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US Court rejects ex-President Trump’s bid to keep Capitol riot documents secret



Amid Republican discord, Trump insists he’s going to stay in politics

A US federal appeals court has rejected a bid by former president, Donald Trump, to prevent the release of White House records relating to the January 6 attack on the Capitol.

The appeals court on Thursday agreed with a lower court ruling that President Joe Biden could waive executive privilege on the records so that they could be handed over to a Congressional panel investigating the violence by Trump supporters.

It would be recalled that Trump was accused of fomenting the attack on the US Congress.

However, he sought to exercise his privilege as a former president to keep the documents and phone records that might relate to the attack a secret.

But the court maintained that Biden’s judgment carried more weight in the case.

“The right of a former president certainly enjoys no greater weight than that of the incumbent,” the appeals court said in its ruling.

“In this case, President Biden, as the head of the Executive Branch, has specifically found that Congress has demonstrated a compelling need for these very documents and that disclosure is in the best interests of the nation,” the court said.

The appeals court said the public interest was greater than Trump’s own about the records, which are held by the National Archives.

“That public interest is heightened when, as here, the legislature is proceeding with urgency to prevent violent attacks on the federal government and disruptions to the peaceful transfer of power,” it added.

Although the ruling did not trigger the immediate release of the records, the court said Trump’s lawyers have two weeks to appeal the case to the Supreme Court.

Trump’s attorneys are expected to request a new freeze on the release while the high court reviews the unprecedented case.

Speaking on the matter, Trump’s spokeswoman, Liz Harrington, said, “Regardless of today’s decision by the appeals court, this case was always destined for the Supreme Court.

“President Trump’s duty to defend the Constitution and the Office of the Presidency continues, and he will keep fighting for every American and every future administration.”

Read also: Trump supporter who threatened to hang Congress members jailed 33 months

The records are sought by the House Select Committee investigating the January 6 violence, in which hundreds of Trump supporters forced the shutdown of Congress and delayed a joint session to confirm that Joe Biden had won the November 2020 election over Trump and would become president.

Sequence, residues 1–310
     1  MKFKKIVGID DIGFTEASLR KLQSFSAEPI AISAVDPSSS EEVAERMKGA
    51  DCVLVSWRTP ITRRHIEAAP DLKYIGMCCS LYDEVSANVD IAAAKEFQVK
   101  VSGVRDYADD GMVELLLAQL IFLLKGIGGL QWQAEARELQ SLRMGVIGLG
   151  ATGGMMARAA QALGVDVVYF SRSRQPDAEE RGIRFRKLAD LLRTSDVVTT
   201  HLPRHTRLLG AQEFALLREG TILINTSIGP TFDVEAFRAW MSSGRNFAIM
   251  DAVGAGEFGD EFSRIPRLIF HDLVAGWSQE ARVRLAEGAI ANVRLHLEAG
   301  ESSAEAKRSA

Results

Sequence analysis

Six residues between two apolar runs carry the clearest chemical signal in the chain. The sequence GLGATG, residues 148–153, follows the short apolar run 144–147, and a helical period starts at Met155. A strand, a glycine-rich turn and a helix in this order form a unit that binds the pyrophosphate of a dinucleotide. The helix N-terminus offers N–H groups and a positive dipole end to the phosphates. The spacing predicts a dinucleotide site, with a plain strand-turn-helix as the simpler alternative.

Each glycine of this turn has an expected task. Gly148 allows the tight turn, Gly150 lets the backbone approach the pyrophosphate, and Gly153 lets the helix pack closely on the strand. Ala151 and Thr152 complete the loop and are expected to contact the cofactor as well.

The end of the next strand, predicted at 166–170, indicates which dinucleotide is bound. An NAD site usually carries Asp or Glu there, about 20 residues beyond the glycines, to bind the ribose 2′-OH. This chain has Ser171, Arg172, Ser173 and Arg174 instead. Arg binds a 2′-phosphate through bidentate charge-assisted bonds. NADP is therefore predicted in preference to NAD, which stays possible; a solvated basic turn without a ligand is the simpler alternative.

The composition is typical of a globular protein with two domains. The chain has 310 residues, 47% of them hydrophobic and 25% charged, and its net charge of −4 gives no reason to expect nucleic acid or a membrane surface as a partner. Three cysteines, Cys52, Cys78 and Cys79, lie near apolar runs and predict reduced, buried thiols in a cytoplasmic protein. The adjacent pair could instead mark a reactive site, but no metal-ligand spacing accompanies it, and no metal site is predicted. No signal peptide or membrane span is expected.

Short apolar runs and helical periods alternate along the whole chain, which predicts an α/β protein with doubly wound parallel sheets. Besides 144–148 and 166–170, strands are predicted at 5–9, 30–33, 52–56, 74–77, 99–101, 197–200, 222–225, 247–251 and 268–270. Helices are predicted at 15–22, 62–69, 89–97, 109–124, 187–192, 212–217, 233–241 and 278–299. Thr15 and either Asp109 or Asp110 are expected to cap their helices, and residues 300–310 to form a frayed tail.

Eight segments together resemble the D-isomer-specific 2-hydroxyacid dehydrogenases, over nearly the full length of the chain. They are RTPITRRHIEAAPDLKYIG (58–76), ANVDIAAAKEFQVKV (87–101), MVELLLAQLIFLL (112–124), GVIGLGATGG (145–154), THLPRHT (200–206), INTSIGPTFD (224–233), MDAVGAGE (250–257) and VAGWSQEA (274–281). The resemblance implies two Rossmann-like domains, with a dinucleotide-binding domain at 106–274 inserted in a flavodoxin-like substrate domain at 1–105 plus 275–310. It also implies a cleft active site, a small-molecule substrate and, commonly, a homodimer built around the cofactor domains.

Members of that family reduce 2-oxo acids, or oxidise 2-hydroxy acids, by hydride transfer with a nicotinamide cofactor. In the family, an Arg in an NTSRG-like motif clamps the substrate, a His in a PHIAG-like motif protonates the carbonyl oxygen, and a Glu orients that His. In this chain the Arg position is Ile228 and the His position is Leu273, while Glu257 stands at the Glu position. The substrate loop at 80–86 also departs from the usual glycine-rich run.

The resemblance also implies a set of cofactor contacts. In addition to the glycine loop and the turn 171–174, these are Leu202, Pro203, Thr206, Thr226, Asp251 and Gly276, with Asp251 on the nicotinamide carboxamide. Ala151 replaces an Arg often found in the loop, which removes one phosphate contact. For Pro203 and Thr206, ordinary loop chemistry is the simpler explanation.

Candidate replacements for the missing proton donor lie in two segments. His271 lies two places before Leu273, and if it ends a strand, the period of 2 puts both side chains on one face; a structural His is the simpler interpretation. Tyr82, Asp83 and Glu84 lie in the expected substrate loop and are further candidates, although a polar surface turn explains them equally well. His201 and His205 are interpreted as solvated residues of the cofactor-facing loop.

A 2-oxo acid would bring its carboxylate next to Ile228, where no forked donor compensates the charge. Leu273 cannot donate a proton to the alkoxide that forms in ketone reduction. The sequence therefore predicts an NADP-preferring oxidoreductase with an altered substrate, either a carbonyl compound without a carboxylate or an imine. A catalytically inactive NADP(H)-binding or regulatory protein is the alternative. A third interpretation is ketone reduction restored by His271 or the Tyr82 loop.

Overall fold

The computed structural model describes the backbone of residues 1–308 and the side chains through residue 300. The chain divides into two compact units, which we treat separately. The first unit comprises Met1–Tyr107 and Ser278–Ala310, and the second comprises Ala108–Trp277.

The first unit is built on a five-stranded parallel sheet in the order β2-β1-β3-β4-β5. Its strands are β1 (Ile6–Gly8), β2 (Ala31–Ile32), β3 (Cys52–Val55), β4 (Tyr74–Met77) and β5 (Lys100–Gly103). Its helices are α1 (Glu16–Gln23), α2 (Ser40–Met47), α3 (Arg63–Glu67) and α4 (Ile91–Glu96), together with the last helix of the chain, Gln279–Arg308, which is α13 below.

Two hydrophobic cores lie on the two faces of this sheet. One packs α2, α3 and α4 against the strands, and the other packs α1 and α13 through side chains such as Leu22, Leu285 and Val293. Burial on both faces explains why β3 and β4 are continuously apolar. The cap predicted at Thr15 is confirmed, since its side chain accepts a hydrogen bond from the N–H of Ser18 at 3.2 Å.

The special committee’s Democratic chairman Representative Bennie Thompson and Republican vice-chair Liz Cheney in a joint statement on Thursday, said, “We applaud the Court’s decisive ruling, which respects the Select Committee’s interest in obtaining White House records and the President’s judgment in allowing those records to be produced.”

Meanwhile, the documents that Trump hoped to block include records from his top aides and memos to his former press secretary.

The more than 770 pages include records of his former chief of staff Mark Meadows, his former senior advisor Stephen Miller and his former deputy counsel Patrick Philbin.

Trump had also hoped to block the release of the White House Daily Diary — a record of his activities, trips, briefings, and phone calls.

Another trove of documents Trump does not want Congress to see includes memos to his former press secretary Kayleigh McEnany, a handwritten note on the January 6 events, and a draft text of his speech at the “Save America” rally, which preceded the attack.

Also, the Democratic Speaker of the House Nancy Pelosi in a statement after the ruling, said,“Today, the Courts have once again rejected the former President’s campaign to obstruct Congress’s investigation into the January 6th insurrection.

“No one can be allowed to stand in the way of the truth – particularly not the previous President, who incited the insurrection.”

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